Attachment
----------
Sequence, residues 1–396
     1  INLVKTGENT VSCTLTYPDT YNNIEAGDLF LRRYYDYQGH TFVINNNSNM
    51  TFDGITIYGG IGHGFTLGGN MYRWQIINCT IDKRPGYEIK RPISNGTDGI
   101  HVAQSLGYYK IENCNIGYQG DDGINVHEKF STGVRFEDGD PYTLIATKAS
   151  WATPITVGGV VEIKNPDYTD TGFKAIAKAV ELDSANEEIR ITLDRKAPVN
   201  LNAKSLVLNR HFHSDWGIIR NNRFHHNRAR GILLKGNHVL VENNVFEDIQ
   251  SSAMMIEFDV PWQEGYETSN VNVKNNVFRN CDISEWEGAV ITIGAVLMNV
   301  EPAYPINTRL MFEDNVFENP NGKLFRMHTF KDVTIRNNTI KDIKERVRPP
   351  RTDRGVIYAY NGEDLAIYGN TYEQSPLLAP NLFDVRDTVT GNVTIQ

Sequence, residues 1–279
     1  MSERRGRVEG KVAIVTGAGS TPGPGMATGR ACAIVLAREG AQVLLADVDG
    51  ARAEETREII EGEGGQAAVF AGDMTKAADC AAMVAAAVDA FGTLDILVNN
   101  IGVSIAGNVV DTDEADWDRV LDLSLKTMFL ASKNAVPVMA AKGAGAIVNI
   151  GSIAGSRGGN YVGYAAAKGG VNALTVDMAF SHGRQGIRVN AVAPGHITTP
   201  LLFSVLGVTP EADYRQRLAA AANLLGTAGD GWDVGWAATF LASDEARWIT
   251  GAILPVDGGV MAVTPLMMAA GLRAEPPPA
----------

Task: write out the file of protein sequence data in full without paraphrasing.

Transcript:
Sequence, residues 1–396
     1  INLVKTGENT VSCTLTYPDT YNNIEAGDLF LRRYYDYQGH TFVINNNSNM
    51  TFDGITIYGG IGHGFTLGGN MYRWQIINCT IDKRPGYEIK RPISNGTDGI
   101  HVAQSLGYYK IENCNIGYQG DDGINVHEKF STGVRFEDGD PYTLIATKAS
   151  WATPITVGGV VEIKNPDYTD TGFKAIAKAV ELDSANEEIR ITLDRKAPVN
   201  LNAKSLVLNR HFHSDWGIIR NNRFHHNRAR GILLKGNHVL VENNVFEDIQ
   251  SSAMMIEFDV PWQEGYETSN VNVKNNVFRN CDISEWEGAV ITIGAVLMNV
   301  EPAYPINTRL MFEDNVFENP NGKLFRMHTF KDVTIRNNTI KDIKERVRPP
   351  RTDRGVIYAY NGEDLAIYGN TYEQSPLLAP NLFDVRDTVT GNVTIQ

Sequence, residues 1–279
     1  MSERRGRVEG KVAIVTGAGS TPGPGMATGR ACAIVLAREG AQVLLADVDG
    51  ARAEETREII EGEGGQAAVF AGDMTKAADC AAMVAAAVDA FGTLDILVNN
   101  IGVSIAGNVV DTDEADWDRV LDLSLKTMFL ASKNAVPVMA AKGAGAIVNI
   151  GSIAGSRGGN YVGYAAAKGG VNALTVDMAF SHGRQGIRVN AVAPGHITTP
   201  LLFSVLGVTP EADYRQRLAA AANLLGTAGD GWDVGWAATF LASDEARWIT
   251  GAILPVDGGV MAVTPLMMAA GLRAEPPPA